Bill Orcutt has reinvigorated and befuddled our ideas about the guitar.
Hans van der Linden via Flickr

Originally published on Tue November 5, 2013 2:39 pm

The American Primitive guitar record is the soundtrack to the open road. It breathes in dust and exhales smoke. Blues, country, rock, psych, drone, folk, ragtime, bluegrass — it encompasses all of them and none at all. But ultimately, it's evocative of a landscape that doesn't know its boundaries. That's why, in particular, 2013 has felt like a 6- and 12-string renaissance that both celebrates and extends this music, especially since the passing of the beloved Jack Rose four years ago.

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The Two-Way
12:01 pm
Tue November 5, 2013

Police Weren't 'Minutes' Behind Los Angeles Shooting Suspect

Paul Ciancia.
FBI Getty Images

Tuesday brings word that some heartbreaking headlines from Monday apparently weren't correct. We'll try to set things straight.

Monday, reports such as these about Friday's shooting at Los Angeles International Airport were getting lots of attention:

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Law
11:54 am
Tue November 5, 2013

Does Equal Justice For All Include The Poor?

Transcript

MICHEL MARTIN, HOST:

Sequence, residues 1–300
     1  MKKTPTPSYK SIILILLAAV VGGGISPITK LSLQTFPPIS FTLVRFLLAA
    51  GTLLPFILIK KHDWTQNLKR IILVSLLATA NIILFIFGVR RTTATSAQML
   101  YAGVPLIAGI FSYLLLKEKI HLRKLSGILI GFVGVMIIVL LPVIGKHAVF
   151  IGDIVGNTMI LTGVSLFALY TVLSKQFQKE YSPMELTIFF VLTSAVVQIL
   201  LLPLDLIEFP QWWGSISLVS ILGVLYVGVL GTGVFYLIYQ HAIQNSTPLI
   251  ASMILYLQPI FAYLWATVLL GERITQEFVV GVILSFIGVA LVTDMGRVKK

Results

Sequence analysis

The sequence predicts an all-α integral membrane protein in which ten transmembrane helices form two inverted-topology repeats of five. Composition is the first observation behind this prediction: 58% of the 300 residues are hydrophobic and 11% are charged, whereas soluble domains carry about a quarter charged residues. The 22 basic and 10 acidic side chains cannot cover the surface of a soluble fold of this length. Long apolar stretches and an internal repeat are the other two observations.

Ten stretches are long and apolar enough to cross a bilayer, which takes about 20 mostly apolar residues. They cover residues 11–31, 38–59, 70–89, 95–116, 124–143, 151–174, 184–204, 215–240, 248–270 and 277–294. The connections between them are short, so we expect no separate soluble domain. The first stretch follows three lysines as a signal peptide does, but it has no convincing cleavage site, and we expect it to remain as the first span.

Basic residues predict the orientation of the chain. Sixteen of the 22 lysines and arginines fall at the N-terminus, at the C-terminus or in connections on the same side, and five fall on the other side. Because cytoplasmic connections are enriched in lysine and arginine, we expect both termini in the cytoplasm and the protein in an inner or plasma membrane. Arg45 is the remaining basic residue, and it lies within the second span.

I'm Michel Martin and this is TELL ME MORE from NPR News. Today, we're going to spend some time talking about some important issues in criminal justice, including what happens after people have served their time. Retailer Target recently announced that it would remove questions about an applicant's criminal history from the initial job applications, but many companies still do it. We'll talk about why this has become a growing focus of advocates.

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U.S.
11:54 am
Tue November 5, 2013

Ban The Box: Some Companies Stop Asking Job Applicants About Criminal History

Big box retailer Target said it will remove questions about prior arrests on its job applications, but many companies still ask. Host Michel Martin speaks with Madeline Neighly from the National Employment Law Project and Elizabeth Milito from the National Federation of Independent Businesses about the pros and cons of the practice.

Africa
11:54 am
Tue November 5, 2013

Reporter's Notebook: Ofeibea Quist-Arcton On Nigeria

Hundreds of people have been killed in northern Nigeria this year. The violence is blamed on Boko Haram, an extremist group that claims to be fighting against westernization. Host Michel Martin learns more from NPR's Africa correspondent Ofeibea Quist-Arcton, who recently visited the town where Boko Haram was born.

Books
11:54 am
Tue November 5, 2013

Going On 'The Baby Chase' From Arizona To India

Stevy Fletcher St. Martin's Press

Originally published on Tue November 5, 2013 4:23 pm

Many couples who struggle with infertility say they would go to the ends of the earth to have a child. Some use surrogate mothers in the United States, but the high cost and legal complications keep that option out of reach for many families. So some Americans are going global --to countries like India– to make it happen.